"There was no indication to me that he wanted to harm himself," Rapkin says. "He was excited about teammates that were returning. He was excited about some new equipment that he had gotten for his bobsled. He had so much that he was looking forward to. And his family and friends feel very strongly that his death was not intentional. So we may never know exactly how he died. But we know that he was someone who had suffered."
"As we cheer for these young men and young women, as we become fascinated in their personal journeys and stories, I think it’s also important to recognize their humanity," says Dr. Scott Goldman, a licensed clinical psychologist and the director of the Performance Psychology Center at the University of Michigan. "They are sons and daughters and brothers and sisters and mothers and fathers."
In more than a decade of working with athletes, Dr. Goldman has seen firsthand the unique challenges facing Olympians who remain mostly anonymous except for a two-week window that comes every four years.
"What you see is just a roller coaster ride. It is training hard, world championships, training hard, Olympic trials, training hard, Olympic events," Dr. Goldman says. "And that roller coaster is an onslaught on the senses. They are just going, going, going. And when it all ends, it ends quickly. I think many of them are really just exhausted, and they just need a recovery period."
Seeking Out Other Olympians
After Holcomb’s death, Rapkin decided to expand his project — to speak to other Olympic athletes about their struggles with depression and the after-effects of competition. And soon, athletes started reaching out to him.
"I basically got on the phone with Brett. I just thought this was such an important story," says Sasha Cohen, who won silver in ladies' singles figure skating at the 2006 Games in Torino, Italy.
And while Sasha's never been diagnosed with depression, she’s experienced the pressures of being an Olympian. That pressure only intensified heading into those 2006 Games, where she was considered a medal contender following her Olympic debut in 2002.
"It’s really difficult," Sasha says. "I remember one summer, it was the Fourth of July, the owner unlocked the rink for me. My coach — we were the only ones there. Afterward, I went to the track where we did sprints, and I just knew that my family and my friends were all on a beach in California, having a barbecue and being social and watching fireworks, and I was in the midst of a 100-degree summer doing sprints outside on the track, and just feeling so nauseous from the sprints and so alone. My mom was a big support for me, so I would call her. I think on that day I called her, crying. I was, like, 'I don’t want to be here. Why am I here?' and, 'This is so hard.' There are moments like that. There are so many moments like that when you're training, but you tell yourself, 'It’s fine. It’s just today.' "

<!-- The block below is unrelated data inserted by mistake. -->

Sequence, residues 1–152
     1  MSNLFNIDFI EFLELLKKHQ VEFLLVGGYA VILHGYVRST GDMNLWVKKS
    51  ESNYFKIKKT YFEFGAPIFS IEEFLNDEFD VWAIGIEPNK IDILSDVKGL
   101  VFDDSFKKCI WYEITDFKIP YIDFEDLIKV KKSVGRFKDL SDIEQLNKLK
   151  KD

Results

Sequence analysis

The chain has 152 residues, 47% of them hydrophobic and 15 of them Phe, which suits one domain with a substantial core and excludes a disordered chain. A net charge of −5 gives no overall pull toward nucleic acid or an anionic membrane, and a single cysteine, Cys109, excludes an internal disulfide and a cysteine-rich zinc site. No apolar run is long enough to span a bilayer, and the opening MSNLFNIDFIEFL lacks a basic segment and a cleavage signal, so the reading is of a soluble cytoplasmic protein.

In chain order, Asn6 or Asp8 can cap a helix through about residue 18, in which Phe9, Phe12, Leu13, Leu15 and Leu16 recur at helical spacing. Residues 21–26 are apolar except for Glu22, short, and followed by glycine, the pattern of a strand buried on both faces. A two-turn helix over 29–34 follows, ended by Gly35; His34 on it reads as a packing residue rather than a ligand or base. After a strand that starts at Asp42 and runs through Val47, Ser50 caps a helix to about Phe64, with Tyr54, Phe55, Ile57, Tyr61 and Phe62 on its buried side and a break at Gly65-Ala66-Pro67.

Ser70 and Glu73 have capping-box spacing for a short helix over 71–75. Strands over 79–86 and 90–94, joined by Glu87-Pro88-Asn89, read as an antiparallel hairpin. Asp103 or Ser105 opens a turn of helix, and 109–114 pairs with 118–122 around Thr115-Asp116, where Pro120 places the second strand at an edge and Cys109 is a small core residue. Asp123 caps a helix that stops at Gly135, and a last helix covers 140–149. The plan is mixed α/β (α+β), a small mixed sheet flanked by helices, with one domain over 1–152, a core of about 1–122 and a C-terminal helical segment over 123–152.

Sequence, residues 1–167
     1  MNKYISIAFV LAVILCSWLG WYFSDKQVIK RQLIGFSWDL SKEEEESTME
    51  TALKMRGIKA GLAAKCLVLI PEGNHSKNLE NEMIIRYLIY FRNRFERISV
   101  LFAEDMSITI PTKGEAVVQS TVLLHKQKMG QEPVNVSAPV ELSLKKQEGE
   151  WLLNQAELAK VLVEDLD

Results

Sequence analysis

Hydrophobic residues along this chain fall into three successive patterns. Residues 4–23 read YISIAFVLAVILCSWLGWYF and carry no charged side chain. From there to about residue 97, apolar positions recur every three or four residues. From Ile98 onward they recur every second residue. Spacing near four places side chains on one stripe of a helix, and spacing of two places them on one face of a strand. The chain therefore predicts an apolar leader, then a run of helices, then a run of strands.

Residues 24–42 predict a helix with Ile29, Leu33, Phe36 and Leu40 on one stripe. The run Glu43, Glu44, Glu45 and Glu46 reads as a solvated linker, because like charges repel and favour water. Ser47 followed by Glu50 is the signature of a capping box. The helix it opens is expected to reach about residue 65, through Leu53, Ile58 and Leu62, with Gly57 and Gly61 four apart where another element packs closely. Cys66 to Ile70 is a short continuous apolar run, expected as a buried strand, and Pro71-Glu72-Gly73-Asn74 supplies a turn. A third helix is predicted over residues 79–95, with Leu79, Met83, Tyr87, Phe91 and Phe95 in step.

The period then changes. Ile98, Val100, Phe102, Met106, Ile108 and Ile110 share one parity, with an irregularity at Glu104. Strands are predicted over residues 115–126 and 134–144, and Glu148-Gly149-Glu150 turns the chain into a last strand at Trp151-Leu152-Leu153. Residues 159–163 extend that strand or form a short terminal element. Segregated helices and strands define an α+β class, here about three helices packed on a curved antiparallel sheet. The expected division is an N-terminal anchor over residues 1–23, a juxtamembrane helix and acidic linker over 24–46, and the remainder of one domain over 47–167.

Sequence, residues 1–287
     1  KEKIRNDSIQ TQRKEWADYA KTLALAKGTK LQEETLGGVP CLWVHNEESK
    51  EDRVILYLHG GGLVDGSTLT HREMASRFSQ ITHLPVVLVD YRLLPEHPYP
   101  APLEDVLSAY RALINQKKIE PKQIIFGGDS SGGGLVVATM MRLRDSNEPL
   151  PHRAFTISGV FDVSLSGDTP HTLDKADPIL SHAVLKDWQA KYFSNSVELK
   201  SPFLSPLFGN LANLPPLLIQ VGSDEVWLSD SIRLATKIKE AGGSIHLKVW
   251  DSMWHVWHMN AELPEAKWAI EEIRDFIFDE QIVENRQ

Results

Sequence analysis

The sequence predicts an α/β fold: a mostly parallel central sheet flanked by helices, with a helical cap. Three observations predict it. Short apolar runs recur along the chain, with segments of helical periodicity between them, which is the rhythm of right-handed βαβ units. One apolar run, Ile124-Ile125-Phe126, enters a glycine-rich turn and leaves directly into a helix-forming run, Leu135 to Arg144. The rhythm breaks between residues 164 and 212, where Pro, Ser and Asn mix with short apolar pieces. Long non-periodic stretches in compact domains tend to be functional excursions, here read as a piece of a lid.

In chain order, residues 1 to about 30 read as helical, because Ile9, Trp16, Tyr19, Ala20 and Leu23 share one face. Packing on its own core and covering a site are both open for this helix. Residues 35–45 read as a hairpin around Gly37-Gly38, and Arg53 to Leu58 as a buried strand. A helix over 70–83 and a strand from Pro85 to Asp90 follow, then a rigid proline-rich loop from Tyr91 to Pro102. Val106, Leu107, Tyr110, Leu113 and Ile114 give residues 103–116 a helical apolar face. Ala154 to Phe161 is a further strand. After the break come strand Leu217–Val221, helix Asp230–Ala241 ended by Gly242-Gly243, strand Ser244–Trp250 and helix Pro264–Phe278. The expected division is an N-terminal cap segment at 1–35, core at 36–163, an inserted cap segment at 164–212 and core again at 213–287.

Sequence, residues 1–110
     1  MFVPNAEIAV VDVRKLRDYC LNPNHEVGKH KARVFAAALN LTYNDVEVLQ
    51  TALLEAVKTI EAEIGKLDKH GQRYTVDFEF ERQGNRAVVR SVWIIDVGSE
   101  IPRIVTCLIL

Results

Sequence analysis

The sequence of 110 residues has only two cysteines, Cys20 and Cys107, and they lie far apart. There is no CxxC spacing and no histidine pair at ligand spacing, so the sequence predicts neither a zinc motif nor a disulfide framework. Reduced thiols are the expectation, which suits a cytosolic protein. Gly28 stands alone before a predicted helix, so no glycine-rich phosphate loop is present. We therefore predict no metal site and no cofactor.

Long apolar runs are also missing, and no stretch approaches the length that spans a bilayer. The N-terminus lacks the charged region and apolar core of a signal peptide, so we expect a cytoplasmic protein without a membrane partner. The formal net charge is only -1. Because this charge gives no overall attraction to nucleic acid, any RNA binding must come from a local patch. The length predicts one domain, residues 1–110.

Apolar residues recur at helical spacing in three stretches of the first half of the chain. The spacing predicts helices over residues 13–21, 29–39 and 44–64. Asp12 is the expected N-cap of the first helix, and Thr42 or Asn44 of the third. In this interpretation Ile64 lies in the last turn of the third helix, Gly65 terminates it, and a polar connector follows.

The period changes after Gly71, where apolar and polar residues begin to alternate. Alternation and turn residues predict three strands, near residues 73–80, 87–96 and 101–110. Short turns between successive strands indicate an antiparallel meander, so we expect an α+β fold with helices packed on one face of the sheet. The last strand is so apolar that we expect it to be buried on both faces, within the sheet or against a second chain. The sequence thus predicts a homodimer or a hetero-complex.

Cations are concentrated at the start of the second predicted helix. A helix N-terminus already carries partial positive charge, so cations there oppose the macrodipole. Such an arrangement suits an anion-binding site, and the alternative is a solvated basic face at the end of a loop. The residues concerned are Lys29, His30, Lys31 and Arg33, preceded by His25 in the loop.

But Cohen’s most challenging moments came after she stepped away from the ice. After dedicating her life to her Olympic pursuit, she enrolled at Columbia University in search of a new purpose.
"I went to a career fair at Columbia and I checked out every booth and employer and tried to get a feel for what the jobs were and what I’d be doing," Sasha recalls. "Tried to imagine myself there. It was strange. I was 30. Everyone else was 20, 21. And it’s just a very different life from what I had come from."
"It is training hard, world championships, training hard, Olympic trials, training hard, Olympic events. That roller coaster is an onslaught on the senses."Dr. Scott Goldman on the pressure and stresses facing Olympic athletes
Those struggles have become the subject of a podcast Cohen is working on, where she interviews others who’ve also had to reinvent themselves.
Sasha Cohen is just one of the Olympic athletes who have told Rapkin their story. He’s also spoken to former Olympic skier and NFL player Jeremy Bloom, as well as swimming legend Michael Phelps, who has been very open about his own struggles with depression since retiring from the pool as the most decorated athlete in Olympic history.
"Every single athlete I’ve talked to, some of whom still have strong affiliations to the USOC, have been not just willing, but enthusiastic about telling me that we need more help," Brett says. "There’s no doubt that Olympic athletes need more help."
'The Weight Of Gold'
It’s these stories and the countless more like them that Rapkin plans on compiling in his film, "The Weight of Gold." As this film project as evolved over the past year, Rapkin has not forgotten about Steven Holcomb, whose spirit still serves as an inspirational force.
"Steven was roughly my age. He was in his late 30s. It’s bizarre," Rapkin says. "I had dinner with the guy. I spent an entire day working with him, talking with him. We went and filmed his eye doctor checkup. It’s still totally shocking that he’s not around."
Filmmaker Brett Rapkin hopes the "Weight of Gold" will be the first film in a trilogy he’s calling The Head Case Project.
This segment aired on February 17, 2018.